Updated: Oct 17, 2021
Edit on 10/17/2021. Since publishing this blog post in May of 2021, we've made numerous changes to this Airtable CRM. At the time of writing this edit, three of our five clients are on this CRM and it's been a gamechanger to the way we work and operate. More on this to come soon.
I've been using NGP since day one of my political fundraising career, and I'm tired of it. It's expensive ($750/month for a Congressional), slow (have to add every call log by hand through multiple clicks), and the company's developers are completely disconnected from the fundraisers that use their product day in and day out.
NGP has been the central launchpad for all of my fundraising work and the fundraising of hundreds of other Finance Directors across the country. Yet, it's an inefficient product from a company that has become complacent with its monopoly-like hold on campaign software.
Furthermore, instead of admitting that our campaign software sucks, we tend to delegate the tedious work to a team of Interns or an entry-level call time manager who gets tasked with adding call logs by hand and database management. What happens is that staffers learn to do the repetitive work for the first year or two of their campaign career and then delegate it to their team once they move up. It's a cycle.
Databases and central CRM's shouldn't be this difficult. We need a better way.
In my pursuit of the best CRM for political campaigns, I've found a bunch of cool stuff. I've gotten a few clients onboarded to Numero (check them out here), and I've tested a bunch of different no-code databases that could serve as viable alternatives.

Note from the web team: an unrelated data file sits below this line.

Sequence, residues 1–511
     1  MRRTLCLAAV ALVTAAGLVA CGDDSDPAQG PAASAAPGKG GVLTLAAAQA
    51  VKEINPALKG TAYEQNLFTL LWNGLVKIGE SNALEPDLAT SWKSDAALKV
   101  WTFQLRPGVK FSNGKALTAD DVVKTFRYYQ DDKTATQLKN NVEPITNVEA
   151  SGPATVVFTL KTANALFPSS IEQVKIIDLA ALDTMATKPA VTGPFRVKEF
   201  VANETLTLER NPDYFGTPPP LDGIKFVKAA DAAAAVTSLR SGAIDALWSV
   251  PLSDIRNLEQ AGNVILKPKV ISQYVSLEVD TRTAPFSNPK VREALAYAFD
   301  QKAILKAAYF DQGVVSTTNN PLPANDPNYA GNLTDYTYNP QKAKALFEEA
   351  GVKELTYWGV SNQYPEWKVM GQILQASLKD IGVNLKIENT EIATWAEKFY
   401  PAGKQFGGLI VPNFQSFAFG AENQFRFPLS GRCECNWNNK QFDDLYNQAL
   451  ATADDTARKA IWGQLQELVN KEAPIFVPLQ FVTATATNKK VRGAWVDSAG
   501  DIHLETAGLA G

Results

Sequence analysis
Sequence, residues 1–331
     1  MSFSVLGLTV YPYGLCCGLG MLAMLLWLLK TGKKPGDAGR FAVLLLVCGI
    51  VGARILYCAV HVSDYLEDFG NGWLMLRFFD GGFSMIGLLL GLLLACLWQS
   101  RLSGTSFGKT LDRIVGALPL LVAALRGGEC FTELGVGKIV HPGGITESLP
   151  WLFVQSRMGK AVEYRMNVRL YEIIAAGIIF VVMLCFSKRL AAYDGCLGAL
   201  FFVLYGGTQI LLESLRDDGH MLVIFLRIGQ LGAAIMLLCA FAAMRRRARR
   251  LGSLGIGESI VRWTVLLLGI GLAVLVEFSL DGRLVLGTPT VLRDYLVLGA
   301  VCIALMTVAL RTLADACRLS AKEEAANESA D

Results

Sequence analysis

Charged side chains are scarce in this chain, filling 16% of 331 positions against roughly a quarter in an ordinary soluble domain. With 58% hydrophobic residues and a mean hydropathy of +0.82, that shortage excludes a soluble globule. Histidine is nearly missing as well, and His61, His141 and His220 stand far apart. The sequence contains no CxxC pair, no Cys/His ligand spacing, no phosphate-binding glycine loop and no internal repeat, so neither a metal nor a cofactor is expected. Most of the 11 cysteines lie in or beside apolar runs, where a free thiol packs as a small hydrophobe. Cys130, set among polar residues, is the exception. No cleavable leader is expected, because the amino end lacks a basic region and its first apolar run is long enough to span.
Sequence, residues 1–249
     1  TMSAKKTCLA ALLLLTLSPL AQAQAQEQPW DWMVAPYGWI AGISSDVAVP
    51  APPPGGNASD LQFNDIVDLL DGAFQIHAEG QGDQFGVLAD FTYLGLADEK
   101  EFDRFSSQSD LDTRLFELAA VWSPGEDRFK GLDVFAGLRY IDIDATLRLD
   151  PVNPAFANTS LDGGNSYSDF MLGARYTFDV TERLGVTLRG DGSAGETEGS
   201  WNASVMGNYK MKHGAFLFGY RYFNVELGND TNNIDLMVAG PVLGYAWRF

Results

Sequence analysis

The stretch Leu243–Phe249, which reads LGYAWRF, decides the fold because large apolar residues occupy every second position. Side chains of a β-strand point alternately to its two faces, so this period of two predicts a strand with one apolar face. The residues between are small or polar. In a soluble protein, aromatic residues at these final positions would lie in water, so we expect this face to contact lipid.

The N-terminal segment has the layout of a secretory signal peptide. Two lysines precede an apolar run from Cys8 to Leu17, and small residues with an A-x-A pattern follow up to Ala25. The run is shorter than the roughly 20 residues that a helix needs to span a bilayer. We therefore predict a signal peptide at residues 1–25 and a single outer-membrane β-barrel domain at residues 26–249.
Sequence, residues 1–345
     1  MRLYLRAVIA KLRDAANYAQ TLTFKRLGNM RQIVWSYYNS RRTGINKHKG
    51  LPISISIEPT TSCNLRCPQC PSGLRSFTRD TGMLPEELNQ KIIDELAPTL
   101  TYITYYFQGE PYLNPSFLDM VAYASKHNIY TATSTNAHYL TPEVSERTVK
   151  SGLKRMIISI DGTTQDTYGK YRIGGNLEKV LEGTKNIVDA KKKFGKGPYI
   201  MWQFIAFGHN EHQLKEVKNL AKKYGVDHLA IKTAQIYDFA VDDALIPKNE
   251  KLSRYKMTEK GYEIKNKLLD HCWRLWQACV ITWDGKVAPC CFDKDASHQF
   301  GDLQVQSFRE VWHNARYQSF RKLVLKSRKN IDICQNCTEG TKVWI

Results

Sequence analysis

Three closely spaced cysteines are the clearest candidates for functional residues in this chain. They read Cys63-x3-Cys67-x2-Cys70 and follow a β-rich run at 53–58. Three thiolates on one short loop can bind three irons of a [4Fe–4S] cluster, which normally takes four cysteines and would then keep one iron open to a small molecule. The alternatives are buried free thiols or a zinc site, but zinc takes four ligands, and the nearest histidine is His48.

My journey is far from over. In fact, I'm pretty sure I might try building a custom SQL relational database hosted in the cloud. But along the way, I've discovered a tool that I'm convinced is the best CRM for small and medium-sized campaigns.
Airtable isn't a spreadsheet — it's a relational database that allows you to link records (rows) together. The whole software platform is customizable, and you can create custom databases for just about anything, including political fundraising.
(You can signup for a free Airtable account here: https://airtable.com/invite/r/nCqZhSYk)
Here's an embedded Airtable of the CRM I've put together for fundraising:
Using Airtable has been a powerful solution for storing and organizing my client's fundraising data. If it weren't for a 50,000 record limit per database, I'd be moving all of my clients over. Instead, its record limit makes it a perfect fit for a city council race, school board race, or campaign for the state legislature.
This "base" (what would be called a spreadsheet in Google Sheets) is divided into the following tables:
Interactions — Where you store all of your call and donor meeting data
Contacts — A table of all of our contacts, donors, prospects, and more
Orgs — A table of any PACs, LLCs, or entities that have donated to your campaign
Donations — A table of every donation your campaign has received.
Toplines — A quick breakdown of how much you've raised by source code.
Pledges — A list of all pledges & financial commitments
Call Time Stats — A detailed data set from each of your call time sessions.
What makes Airtable different from Google Sheets or Excel is that each of your records (rows) can be linked to records in other tables. Here's what this looks like in the CRM:
Interactions — Linked to pledges and call time stats
Contacts — Linked to interactions, orgs, donations, and pledges
Orgs — Linked to donations, pledges, and contacts
Donations — Linked to contacts, orgs, toplines, and call time stats.
Toplines — Linked to donations.
Pledges — Linked to interactions, contacts, orgs, and call time stats.
Call Time Stats — Linked to interactions, donations, and pledges.
As a result, a single contact record in the "Contacts" table can give us information about a donor, such as their contact information, donation history, last time they've been called, and more.